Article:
Thursday, 23 April 2015

Throwback Thursday | April 23, 2014

Toxic Friends


I have always been a naturally small person. This photo was taken when I was in the tenth grade with two of my best friends from my swim team (the one on the end in the beige skirt is still one of my best friends). I am in the black skirt and white top without the sun glasses on; the one in the very front. I was probably 16 years old in this photo and weighed about 105 pounds. I was always a very clean eater, a very active girl, and always conscious of my health.


When I was in the twelfth grade I quit the swim team so I could focus on school to make sure I got into a good university. The three girls in this photo with me (I'm in the centre taking the photo) were my best friends. The one on the right side had been one of my best friends since the ninth grade, the one on my left since eleventh grade, and the one behind just came to our school that year but fit in to our group perfectly.

I think everyone can relate to having different groups of friends; the girls in the 2010 photo were my "fit friends". Even outside of swim practice we would go to the gym, we would discuss new recipes together, and we would try new fitness classes. The girls in the 2012 photograph were the kind of friends who like to, let's just say, indulge. I found that instead of working my butt off for university applications, we would be skipping class to go get a poutine, and pulling all nighters to get drunk instead of to study. It was definitely the epitome of a carefree senior year. By the grace of God and the skin of my teeth I managed to just squeak by the university acceptance minimums, not to mention my health was visibly deteriorating (I was pushing 150 pounds on my petite 5'2" frame).


This photo was taken my first year of university on St. Patty's day. It is actually painful for me to look at this. My skin looks awful, I'm overweight, and I'm so drunk I don't actually remember this photo being taken.

This photo was how I knew I needed to make a change. It wasn't easy, I will never claim that it was, but I think the changes I made are completely worth it. The first thing I did was look back at my life and see where things went wrong and why. It was after many tears and attempts at denial that I finally admitted to myself that these girls, whom I loved so much, were no good for me.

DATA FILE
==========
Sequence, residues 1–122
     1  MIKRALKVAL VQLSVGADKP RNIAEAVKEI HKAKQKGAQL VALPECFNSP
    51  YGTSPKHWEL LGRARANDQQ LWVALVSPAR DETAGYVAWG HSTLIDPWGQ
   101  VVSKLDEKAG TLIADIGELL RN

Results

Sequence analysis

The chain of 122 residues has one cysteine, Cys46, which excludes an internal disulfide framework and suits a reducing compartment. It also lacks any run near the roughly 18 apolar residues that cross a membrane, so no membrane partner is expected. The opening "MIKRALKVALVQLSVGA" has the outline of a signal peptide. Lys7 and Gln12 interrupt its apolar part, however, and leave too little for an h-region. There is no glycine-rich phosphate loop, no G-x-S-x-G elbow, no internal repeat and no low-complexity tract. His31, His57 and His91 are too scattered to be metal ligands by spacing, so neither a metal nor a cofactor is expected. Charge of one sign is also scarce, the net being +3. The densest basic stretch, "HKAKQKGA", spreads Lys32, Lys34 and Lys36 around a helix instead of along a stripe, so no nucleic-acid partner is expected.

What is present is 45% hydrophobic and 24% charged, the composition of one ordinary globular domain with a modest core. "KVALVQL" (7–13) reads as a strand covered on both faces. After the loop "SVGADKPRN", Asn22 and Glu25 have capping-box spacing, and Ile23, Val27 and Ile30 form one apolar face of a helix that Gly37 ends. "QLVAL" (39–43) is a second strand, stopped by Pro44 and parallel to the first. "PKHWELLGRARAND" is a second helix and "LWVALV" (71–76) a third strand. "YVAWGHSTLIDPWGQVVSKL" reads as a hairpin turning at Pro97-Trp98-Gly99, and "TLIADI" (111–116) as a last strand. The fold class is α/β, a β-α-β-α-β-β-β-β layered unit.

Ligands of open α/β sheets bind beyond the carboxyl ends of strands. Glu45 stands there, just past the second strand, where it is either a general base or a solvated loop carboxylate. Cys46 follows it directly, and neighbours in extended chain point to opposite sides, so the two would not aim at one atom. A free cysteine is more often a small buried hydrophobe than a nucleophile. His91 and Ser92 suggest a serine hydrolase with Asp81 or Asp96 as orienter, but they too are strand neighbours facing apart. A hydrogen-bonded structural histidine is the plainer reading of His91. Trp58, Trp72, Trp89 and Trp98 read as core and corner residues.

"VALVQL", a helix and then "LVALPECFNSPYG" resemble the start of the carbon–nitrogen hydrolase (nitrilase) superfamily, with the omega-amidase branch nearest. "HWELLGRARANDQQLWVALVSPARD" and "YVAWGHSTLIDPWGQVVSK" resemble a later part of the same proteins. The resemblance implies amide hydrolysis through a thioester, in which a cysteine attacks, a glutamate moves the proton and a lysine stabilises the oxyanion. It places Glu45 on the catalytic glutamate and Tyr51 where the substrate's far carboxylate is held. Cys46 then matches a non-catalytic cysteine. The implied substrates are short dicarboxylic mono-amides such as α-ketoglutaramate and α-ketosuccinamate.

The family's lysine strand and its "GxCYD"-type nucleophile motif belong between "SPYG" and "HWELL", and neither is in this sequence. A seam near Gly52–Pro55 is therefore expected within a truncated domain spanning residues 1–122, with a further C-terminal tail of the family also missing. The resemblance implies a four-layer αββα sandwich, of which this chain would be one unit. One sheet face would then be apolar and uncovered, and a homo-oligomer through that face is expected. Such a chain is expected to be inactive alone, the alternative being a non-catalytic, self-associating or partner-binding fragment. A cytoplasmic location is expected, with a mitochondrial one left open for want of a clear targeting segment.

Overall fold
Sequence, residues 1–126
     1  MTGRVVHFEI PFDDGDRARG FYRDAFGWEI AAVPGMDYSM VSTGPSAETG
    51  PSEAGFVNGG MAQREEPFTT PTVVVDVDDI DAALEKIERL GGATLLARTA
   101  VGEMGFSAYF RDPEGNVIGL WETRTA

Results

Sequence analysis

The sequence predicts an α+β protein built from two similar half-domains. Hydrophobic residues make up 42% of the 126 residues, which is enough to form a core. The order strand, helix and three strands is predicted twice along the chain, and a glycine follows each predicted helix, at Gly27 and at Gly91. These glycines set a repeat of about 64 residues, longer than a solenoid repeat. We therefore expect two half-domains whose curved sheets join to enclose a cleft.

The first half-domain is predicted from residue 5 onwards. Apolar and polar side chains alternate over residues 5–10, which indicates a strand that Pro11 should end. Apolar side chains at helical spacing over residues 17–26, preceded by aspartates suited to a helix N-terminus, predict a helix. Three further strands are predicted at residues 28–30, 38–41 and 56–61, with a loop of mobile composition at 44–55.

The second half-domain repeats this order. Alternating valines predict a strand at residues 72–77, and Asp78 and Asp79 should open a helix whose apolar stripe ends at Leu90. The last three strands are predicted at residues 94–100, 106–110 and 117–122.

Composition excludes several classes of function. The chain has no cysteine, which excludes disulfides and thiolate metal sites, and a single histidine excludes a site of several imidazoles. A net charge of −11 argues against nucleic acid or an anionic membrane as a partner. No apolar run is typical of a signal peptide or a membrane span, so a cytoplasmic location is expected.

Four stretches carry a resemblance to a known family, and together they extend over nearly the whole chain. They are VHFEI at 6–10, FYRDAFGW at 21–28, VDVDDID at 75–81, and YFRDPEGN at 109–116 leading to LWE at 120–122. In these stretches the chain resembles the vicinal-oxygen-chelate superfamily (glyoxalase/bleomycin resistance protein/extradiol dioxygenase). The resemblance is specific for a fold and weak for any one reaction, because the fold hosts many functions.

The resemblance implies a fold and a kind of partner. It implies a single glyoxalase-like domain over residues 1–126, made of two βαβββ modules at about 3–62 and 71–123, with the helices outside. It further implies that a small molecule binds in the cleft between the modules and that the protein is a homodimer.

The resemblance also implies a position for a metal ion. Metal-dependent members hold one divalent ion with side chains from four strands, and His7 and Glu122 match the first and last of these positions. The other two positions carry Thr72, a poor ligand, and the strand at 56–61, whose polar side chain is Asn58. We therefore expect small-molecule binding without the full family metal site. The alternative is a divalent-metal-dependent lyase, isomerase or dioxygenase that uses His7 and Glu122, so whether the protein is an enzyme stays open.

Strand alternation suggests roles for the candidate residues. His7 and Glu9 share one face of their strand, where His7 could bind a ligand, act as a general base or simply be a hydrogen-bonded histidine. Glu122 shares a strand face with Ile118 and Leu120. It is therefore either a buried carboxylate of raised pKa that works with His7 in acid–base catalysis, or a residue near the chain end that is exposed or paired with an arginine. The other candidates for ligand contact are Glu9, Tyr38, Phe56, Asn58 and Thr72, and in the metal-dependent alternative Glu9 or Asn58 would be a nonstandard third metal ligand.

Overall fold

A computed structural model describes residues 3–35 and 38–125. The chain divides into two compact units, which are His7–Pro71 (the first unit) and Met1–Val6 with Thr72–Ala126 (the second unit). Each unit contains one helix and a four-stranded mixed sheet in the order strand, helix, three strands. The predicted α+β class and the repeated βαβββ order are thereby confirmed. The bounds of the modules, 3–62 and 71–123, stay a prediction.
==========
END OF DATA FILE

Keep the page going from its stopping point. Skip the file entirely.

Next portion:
I can recall very vividly a conversation we all once had where one of the girls said that she felt sad all the time. She was pissed at the world and hated everyone. I then remember saying something along the lines of, "holy shit girl, I swear I genuinely like almost everyone I meet, like I'm so happy all the time." The response of my other friend, the one who I considered my best friend since the ninth grade quickly retorted, "I know, your happiness annoys me." It wasn't the weight. It wasn't the alcohol. It wasn't anything except this conversation that pushed my decision to cut ties with them. I realized that those words should never come out of the mouth of someone who called you friend from the same lips.

We all went to the same university and were in a lot of the same classes; the process of cutting ties was very ugly. I wish it hadn't been that way but I can only control myself and my words and my actions.


I found myself growing back into a natural friendship with my swim team girls. We had maintained a fairly strong friendship while we were all at university and when they came home for the summer we all fell back into our old swing of things. We enjoyed many bike rides around the city, we went to the pool, and we went to the gym. We also did tonnes of fun stuff like going dancing at the outdoor bar and heading to the beach! I felt like I was finally getting myself back on track and back to who I was (we are still so close, and the blonde is still one of my best friends!)


I met these two in first year university and instantly fell in love with them. Cutting ties with my friends from high school was so much easier with these two hooligans by my side. They are such beautiful people and I couldn't ask for better best friends. They are so supportive, and adventurous, and kind hearted, and loving. I am now back to a healthy weight, my skin is better than it ever has been, and I have been accepted to college in the fall. I have gotten my life back on track.

I feel like there's so much talk about letting go of a toxic relationship in a romantic capacity, but I don't think enough people realize that friendships can be just as toxic and harmful and detrimental to your well being. I know it's really hard to see how toxic your friendships may be, but if you notice it I really hope you can cut ties. No one deserves a best friend who doesn't treat them the best. I know high school is tough and feeling like you belong somewhere is important but to what cost? The friendship I had with those girls is invaluable; I still care about them more than they would ever believe if they gave me the opportunity to tell them. It makes me sad to think that our friendship came to end, but I am so grateful that, thanks to learning who I'm not, I have been able to grow into who I am.

Thanks for reading, xo, Katelyn.